harassment and discrimination, acts not covered by
the policies, appellees were under no duty to defend
and the court's order granting summary judgment to
appellees was proper.
704 A.2d at 669.
In this case, the complaint in the Angelico action alleges,
in pertinent part:
18. On September 19, 1989, Dr. Angelico resigned from
defendant Panebianco-Yip and established a solo
practice maintaining Active Privileges at both LVH
and St. Luke's. . . .
21. Prior to Dr. Angelico's admission to the St.
Luke's medical staff, defendant BCSA had an exclusive
contract with St. Luke's to perform all heart
surgery. Dr. Angelico was one of the first physicians
to join the staff after St. Luke's opened cardiac
surgery to other Lehigh Valley surgeons.
22. Dr. Angelico began to build his practice at St.
Luke's as his reputation for excellence became known
in the community. In the first couple of years while
working for the Panebianco-Yip group, Dr. Angelico
performed approximately 150 open heart surgeries per
year. As a sole practitioner, he increased the number
of open heart procedures averaging 200 to 250
annually since 1990, in addition to an equal number
of non-cardiac surgical procedures. . . .
30. As is clearly demonstrated by the above data,
defendants LVH, St. Luke's, Panebianco-Yip and BCSA
collectively had sufficient market share to control
the market, including pricing and market allocation.
31. Dr. Angelico, as the lone substantial independent
sole practitioner, threatened defendants' control of
the market, and defendants, therefore, embarked on a
campaign and conspiracy to eliminate Dr. Angelico as
a competitor and an independent force in the market
through various predatory acts.
32. Although successful in building his practice
during this period, it was not without difficulty.
When Dr. Angelico first began working at St. Luke's,
the two surgeons in BCSA, Drs. Terrill Theman and
William Hoffman, attempted to monopolize operating
room time and intensive care bed allocation, thereby
limiting Dr. Angelico's ability to compete.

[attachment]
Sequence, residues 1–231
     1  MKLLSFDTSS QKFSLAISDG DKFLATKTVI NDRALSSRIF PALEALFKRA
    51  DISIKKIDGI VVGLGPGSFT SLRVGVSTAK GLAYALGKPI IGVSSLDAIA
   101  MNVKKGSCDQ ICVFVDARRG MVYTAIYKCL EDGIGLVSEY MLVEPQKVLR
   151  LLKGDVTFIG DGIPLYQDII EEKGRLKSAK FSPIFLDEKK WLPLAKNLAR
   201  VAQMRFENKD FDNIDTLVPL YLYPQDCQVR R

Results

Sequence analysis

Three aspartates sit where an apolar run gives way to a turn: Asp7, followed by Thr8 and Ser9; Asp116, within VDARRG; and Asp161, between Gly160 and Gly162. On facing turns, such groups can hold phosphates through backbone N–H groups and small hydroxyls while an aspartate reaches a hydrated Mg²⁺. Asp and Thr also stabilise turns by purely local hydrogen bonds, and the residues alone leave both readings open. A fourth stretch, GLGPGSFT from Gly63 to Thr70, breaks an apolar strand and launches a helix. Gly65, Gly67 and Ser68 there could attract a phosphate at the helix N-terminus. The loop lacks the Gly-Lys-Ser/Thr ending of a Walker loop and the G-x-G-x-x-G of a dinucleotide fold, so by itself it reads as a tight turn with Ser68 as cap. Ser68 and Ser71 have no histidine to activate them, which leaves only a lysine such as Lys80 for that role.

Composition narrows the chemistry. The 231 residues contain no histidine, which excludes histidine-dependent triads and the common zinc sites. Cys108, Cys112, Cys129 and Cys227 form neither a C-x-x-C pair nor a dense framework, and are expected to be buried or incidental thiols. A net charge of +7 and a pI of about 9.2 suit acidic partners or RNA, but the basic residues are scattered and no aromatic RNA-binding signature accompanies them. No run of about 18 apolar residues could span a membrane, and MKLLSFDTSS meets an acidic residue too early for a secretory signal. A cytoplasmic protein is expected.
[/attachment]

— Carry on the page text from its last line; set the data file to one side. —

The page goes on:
33. When Dr. Angelico's practice increased despite
the efforts of defendant BCSA to control the number
of surgeries, defendant BCSA, with the clandestine
help of defendant St. Luke's, began a campaign of
slander and innuendo directed at destroying Dr.
Angelico's reputation and competing practice.
34. Defendant BCSA, through Dr. Theman and his
agents, circulated letters containing derogatory
remarks about Dr. Angelico among St. Luke's nurses
loyal to BCSA seeking their signature in an effort to
limit competition. Dr. Theman also began a personal
letter writing campaign against Dr. Angelico falsely
alleging that Dr. Angelico was disruptive and
neglectful of patient care. Dr. Theman even recruited
the wife of his associate Dr. Hoffman, Margaret
Kraybill, M.D., to write false and malicious
statements about Dr. Angelico, even sending copies of
the false statements to Dr. Angelico's referring
cardiologists. Defendant BCSA and its representatives
knew its remarks about Dr. Angelico were false.
Thus, unlike Roman Mosaic & Tile, Dr. Angelico has
specifically pled that the injuries which he allegedly suffered
were caused in part by the defamatory and slanderous remarks made
by Drs. Theman, Kraybill and Hoffman and by the campaign of
slander which BCSA waged against him in an effort to destroy his
professional reputation and competing practice and thereby
monopolize the coronary graft surgical market. As is clear from
the foregoing, Pennsylvania law dictates that we look beyond the
technical confines of the legal theories under which